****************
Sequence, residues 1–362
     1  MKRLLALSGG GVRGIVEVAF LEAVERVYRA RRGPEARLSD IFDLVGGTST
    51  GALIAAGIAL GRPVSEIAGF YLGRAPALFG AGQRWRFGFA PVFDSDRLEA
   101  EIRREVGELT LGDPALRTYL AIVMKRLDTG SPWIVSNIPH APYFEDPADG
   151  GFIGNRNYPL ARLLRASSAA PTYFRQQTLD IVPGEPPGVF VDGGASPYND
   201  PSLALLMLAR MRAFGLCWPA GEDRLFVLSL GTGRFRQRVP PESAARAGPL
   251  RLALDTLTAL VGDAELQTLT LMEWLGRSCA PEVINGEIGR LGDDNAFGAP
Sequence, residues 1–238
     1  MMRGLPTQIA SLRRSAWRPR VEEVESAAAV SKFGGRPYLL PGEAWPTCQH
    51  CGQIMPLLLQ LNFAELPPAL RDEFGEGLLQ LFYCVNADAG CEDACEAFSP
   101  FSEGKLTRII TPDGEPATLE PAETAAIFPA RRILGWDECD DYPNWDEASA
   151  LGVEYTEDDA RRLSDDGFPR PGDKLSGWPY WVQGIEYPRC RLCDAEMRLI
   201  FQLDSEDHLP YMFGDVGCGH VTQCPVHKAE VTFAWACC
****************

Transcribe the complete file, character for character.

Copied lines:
Sequence, residues 1–362
     1  MKRLLALSGG GVRGIVEVAF LEAVERVYRA RRGPEARLSD IFDLVGGTST
    51  GALIAAGIAL GRPVSEIAGF YLGRAPALFG AGQRWRFGFA PVFDSDRLEA
   101  EIRREVGELT LGDPALRTYL AIVMKRLDTG SPWIVSNIPH APYFEDPADG
   151  GFIGNRNYPL ARLLRASSAA PTYFRQQTLD IVPGEPPGVF VDGGASPYND
   201  PSLALLMLAR MRAFGLCWPA GEDRLFVLSL GTGRFRQRVP PESAARAGPL
   251  RLALDTLTAL VGDAELQTLT LMEWLGRSCA PEVINGEIGR LGDDNAFGAP
Sequence, residues 1–238
     1  MMRGLPTQIA SLRRSAWRPR VEEVESAAAV SKFGGRPYLL PGEAWPTCQH
    51  CGQIMPLLLQ LNFAELPPAL RDEFGEGLLQ LFYCVNADAG CEDACEAFSP
   101  FSEGKLTRII TPDGEPATLE PAETAAIFPA RRILGWDECD DYPNWDEASA
   151  LGVEYTEDDA RRLSDDGFPR PGDKLSGWPY WVQGIEYPRC RLCDAEMRLI
   201  FQLDSEDHLP YMFGDVGCGH VTQCPVHKAE VTFAWACC